Ask most homeowners about their mortgage and you’ll probably get a lot of puzzled looks and shoulder shrugs. Very few know anything more than how much they have to pay each month. It’s a shame, too, because the more you know about your mortgage, the better it’ll work for you and the faster you can pay it off.
So let’s take a nice little dive into the different types of mortgages out there. We’ll help you understand what to look for to help you find your first mortgage, or maybe just the first mortgage you actually understand. Time to solve this mystery.
The 5 Most Common Types of Home Loans
To start, all loans fall under three main categories:
- Conventional loans are not backed or insured by government agencies like the FHA or Department of Veteran Affairs and are best for people with a high credit score. But if you put less than 20% down on a conventional loan, you’ll be stuck with added private mortgage insurance (PMI)). However, once you have more than 20% of equity in your house, or you’ve had your loan for two years, you can have it removed.
- Conforming loans are backed by Fannie Mae and Freddie Mac and fall under federally regulated terms and limits that are different for every county. They typically max out around $679,650, are easier to qualify for, offer lower interest rates, and may have lower down payments and credit score requirements.
- FHA: Federal Housing Association loans have become common among first-time home buyers for their low down payment requirements. In fact, you only need to put down 3.5% to qualify for an FHA loan. However, no matter how much money you put down, you’ll have an annual mortgage insurance premium (MIP) based on the down payment amount.
- VA: This loan is available to United States veterans, service members and remarried spouses. According to sources, the VA will guarantee a maximum of 25% of a home loan amount up to $113,275, which limits the maximum loan amount to $453,100. Veterans must still meet credit and income requirements.
- USDA Loan: These loans were designed for home buyers in rural and suburban areas. The loans are backed by the US Department of Agriculture and require zero down payment.
- Jumbo Loan: Like the name suggests, jumbo loans are for homes that cost a jumbo amount of money. In general, if a house is more than $453,000 it requires a jumbo loan, but this can vary based on location and average home price. All the other loan requirements are similar to conforming loans.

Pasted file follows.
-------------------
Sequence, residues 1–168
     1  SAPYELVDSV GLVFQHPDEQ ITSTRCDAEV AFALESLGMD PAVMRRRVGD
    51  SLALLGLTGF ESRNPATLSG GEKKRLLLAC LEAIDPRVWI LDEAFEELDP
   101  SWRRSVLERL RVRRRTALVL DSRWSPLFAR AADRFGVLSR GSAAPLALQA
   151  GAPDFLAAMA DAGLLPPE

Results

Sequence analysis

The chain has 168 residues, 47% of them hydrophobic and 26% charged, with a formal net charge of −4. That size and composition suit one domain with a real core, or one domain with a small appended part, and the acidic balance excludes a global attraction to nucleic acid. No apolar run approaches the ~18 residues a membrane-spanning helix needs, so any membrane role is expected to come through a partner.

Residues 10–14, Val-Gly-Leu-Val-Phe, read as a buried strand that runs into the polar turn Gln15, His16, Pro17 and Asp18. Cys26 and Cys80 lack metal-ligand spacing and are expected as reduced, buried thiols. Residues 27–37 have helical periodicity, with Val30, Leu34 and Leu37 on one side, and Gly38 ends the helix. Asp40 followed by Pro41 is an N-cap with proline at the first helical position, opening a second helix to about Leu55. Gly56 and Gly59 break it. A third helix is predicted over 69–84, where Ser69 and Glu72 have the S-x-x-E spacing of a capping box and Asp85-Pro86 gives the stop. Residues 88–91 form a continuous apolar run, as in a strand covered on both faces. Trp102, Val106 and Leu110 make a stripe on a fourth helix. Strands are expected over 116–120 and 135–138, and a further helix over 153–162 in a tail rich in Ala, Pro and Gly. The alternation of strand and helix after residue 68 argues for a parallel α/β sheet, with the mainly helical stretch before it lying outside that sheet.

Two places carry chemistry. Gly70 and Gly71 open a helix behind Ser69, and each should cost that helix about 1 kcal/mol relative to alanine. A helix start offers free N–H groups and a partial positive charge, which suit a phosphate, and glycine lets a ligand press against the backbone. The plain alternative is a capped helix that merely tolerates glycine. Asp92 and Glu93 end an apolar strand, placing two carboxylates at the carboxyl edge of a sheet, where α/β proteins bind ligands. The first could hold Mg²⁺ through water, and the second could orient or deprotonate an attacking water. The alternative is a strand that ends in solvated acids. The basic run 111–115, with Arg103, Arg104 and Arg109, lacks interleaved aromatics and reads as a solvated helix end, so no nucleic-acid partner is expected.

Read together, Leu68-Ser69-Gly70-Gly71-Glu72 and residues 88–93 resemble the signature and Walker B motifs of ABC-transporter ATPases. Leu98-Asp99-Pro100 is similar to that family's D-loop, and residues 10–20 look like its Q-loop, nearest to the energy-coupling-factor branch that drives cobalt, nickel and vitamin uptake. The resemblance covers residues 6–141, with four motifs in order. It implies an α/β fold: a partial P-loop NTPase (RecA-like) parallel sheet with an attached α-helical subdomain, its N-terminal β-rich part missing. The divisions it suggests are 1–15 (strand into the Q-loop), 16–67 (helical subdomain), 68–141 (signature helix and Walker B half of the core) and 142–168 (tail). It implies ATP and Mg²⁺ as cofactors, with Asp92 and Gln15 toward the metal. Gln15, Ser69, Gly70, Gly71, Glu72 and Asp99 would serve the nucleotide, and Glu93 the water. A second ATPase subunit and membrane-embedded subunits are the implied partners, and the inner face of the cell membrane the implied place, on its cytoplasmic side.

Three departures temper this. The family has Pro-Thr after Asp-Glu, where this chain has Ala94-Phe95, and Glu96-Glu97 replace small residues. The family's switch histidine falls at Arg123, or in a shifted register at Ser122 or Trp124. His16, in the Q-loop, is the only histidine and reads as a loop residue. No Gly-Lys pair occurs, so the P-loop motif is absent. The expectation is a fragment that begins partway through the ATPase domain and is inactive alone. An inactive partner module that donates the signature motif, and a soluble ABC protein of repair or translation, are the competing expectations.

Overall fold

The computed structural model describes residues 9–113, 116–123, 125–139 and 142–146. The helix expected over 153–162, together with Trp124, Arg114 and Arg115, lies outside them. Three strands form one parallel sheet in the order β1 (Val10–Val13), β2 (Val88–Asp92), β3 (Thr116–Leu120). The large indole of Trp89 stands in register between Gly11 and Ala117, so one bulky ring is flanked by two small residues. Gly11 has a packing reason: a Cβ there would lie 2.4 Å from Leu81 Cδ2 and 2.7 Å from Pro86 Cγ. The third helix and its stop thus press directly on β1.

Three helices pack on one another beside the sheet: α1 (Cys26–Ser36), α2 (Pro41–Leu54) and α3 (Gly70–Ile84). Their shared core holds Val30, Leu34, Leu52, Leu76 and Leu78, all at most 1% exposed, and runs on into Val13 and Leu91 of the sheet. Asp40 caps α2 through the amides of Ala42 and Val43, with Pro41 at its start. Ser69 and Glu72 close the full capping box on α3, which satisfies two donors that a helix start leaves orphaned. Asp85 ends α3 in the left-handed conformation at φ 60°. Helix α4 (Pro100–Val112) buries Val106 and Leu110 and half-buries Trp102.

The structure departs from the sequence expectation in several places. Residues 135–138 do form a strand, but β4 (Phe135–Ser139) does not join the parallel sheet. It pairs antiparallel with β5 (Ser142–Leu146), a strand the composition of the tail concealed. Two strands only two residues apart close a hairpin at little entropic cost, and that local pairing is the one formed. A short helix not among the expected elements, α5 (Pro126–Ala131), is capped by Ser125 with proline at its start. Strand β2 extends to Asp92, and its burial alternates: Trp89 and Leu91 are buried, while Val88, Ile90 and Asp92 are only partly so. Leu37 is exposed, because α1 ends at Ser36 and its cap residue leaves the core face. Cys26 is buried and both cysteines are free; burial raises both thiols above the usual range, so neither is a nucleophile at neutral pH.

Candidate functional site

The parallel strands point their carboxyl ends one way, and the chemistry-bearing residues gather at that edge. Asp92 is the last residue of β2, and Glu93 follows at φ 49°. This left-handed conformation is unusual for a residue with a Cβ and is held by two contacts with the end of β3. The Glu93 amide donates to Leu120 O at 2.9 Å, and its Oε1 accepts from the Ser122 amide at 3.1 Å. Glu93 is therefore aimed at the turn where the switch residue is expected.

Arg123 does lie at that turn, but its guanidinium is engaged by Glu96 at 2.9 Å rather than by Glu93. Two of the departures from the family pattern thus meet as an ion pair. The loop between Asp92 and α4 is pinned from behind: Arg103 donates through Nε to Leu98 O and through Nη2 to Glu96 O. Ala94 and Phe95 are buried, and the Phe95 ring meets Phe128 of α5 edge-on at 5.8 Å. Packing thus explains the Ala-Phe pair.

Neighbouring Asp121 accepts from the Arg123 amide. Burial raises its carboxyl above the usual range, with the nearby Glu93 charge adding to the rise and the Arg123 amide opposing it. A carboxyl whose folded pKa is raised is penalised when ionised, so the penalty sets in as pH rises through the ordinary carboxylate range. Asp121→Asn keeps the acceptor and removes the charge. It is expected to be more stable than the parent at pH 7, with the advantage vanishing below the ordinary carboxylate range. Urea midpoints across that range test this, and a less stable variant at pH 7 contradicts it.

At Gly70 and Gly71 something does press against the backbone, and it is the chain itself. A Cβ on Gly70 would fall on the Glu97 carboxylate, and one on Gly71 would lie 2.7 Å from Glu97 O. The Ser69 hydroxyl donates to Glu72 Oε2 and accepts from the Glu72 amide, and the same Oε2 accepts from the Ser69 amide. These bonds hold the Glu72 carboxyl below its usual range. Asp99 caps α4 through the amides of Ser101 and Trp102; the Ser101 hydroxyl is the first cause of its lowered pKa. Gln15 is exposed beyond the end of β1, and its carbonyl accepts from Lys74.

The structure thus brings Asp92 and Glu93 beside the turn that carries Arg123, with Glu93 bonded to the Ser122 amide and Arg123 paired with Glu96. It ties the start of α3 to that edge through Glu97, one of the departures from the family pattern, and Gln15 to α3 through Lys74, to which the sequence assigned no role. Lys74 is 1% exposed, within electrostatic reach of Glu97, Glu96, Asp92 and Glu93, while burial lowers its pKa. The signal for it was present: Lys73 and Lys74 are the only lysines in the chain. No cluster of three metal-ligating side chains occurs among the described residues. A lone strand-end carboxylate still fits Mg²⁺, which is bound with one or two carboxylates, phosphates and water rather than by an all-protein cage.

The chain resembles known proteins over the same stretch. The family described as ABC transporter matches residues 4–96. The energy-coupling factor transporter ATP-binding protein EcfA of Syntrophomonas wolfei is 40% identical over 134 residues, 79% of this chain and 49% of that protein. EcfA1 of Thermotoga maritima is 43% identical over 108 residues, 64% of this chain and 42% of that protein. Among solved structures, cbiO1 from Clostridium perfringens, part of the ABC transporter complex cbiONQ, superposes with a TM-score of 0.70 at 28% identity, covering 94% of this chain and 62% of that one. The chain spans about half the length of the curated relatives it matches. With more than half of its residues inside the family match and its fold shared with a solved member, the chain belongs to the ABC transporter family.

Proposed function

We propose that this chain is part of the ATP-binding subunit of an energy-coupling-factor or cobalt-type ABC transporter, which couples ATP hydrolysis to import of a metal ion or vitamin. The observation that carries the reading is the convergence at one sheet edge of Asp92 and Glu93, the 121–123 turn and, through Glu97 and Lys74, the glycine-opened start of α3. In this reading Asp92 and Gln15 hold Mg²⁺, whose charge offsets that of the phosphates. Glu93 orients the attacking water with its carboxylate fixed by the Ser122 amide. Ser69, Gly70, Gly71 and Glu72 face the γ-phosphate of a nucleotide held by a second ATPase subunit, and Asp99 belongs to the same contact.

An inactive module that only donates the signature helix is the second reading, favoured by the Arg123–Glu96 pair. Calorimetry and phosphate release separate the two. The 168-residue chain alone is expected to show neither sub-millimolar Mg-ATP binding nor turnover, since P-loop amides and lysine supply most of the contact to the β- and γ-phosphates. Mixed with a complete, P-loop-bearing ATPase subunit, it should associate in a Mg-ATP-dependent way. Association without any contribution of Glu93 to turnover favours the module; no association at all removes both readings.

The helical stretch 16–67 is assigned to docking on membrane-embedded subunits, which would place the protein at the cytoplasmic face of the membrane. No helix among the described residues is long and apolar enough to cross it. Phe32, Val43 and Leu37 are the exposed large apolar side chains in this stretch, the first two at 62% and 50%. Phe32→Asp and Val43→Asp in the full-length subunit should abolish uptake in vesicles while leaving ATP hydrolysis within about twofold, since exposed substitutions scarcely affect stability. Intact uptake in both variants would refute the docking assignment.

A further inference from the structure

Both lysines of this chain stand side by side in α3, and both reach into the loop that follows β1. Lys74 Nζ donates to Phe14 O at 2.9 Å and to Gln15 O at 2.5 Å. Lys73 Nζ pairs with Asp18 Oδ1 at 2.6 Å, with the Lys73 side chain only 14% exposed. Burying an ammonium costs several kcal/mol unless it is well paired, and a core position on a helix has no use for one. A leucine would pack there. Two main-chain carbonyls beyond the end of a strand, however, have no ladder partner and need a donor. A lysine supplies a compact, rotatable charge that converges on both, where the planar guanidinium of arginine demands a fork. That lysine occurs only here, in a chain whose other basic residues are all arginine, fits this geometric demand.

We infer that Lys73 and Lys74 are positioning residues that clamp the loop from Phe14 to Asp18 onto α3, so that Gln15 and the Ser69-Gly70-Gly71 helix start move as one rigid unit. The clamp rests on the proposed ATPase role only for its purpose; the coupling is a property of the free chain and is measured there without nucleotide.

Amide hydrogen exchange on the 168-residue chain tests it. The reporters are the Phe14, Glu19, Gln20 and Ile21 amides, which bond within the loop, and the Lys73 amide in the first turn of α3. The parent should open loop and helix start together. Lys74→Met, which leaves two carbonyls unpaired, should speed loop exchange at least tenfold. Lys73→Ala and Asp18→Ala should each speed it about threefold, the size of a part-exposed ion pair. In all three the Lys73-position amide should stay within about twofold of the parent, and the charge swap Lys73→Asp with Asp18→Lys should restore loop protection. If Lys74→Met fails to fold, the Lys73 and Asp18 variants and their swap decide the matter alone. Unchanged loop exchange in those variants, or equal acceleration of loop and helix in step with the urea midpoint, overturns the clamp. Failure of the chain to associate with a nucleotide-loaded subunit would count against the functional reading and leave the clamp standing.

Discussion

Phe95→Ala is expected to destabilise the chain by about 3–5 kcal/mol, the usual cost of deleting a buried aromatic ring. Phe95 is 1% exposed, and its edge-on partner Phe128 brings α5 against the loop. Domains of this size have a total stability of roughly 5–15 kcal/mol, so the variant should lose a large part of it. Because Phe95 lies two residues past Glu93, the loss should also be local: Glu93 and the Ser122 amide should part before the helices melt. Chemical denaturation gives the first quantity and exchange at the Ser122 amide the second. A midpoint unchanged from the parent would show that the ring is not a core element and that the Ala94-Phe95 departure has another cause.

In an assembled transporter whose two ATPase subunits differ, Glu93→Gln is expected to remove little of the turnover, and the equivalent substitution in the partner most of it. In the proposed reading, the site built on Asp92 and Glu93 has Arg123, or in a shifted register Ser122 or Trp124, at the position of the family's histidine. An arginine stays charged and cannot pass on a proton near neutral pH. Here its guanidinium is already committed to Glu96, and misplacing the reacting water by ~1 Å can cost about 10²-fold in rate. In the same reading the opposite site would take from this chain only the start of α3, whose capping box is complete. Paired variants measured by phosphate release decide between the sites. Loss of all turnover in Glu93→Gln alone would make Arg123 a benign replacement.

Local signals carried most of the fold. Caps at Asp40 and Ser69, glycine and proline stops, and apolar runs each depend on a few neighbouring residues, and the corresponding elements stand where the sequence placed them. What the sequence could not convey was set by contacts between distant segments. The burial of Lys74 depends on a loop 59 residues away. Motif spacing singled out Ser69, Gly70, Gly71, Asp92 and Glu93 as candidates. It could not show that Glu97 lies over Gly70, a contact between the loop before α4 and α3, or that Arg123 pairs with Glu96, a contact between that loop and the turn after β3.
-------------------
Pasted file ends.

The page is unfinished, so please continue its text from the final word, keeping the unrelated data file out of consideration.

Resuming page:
Here's a lil’ cheat sheet to help make sense of it all:
How to Qualify for a Home Loan
Think about it with what we affectionately call ‘The 3 Cs’—and not candy, cupcakes and cookies. ‘The 3 Cs’ that determine your best option, and its approval, are:
- Collateral: Your total equity
- What d’ya got? Your approval, and mortgage payments, will depend on how much you put down.
- Capacity: Your income-to-debt ratio
- Can you afford it? Lenders look at the debts you have compared to the money you bring in to make sure it’s safe for you to pay monthly.
- Credit: Your credit score
- How high’s your score? If you have a higher score, the odds of you being responsible and able to pay your mortgage increases, so rates drop.
NOTE: In the case of each of ‘The 3 Cs’, every type of loan and lender will have different minimum requirements that will affect your approval and rates.
Where you fall within the combo of these three components will help determine which home loan is right for you.
Tips for Finding the Right Types of Mortgage Loans
- Find a mortgage lender you trust: Get a referral through a friend or financial institution. A great mortgage lender will educate you and guide you in finding the best loan for you. But above all, DO YOUR RESEARCH.
- Know your options: Reading this article is step one. Step two is, again, DO YOUR RESEARCH.
- Understand the process: Know all the things that go into buying a home from payments, to credit, to out-of-pocket costs and so on. This will help determine the right loan for you.
We hope to have helped turn the lights up on what you thought was a scary mortgage monster in your closet. And now it's time for us to send you out into the real world. So stay educated, stay hydrated and find a mortgage lender you trust. Happy house hunting!
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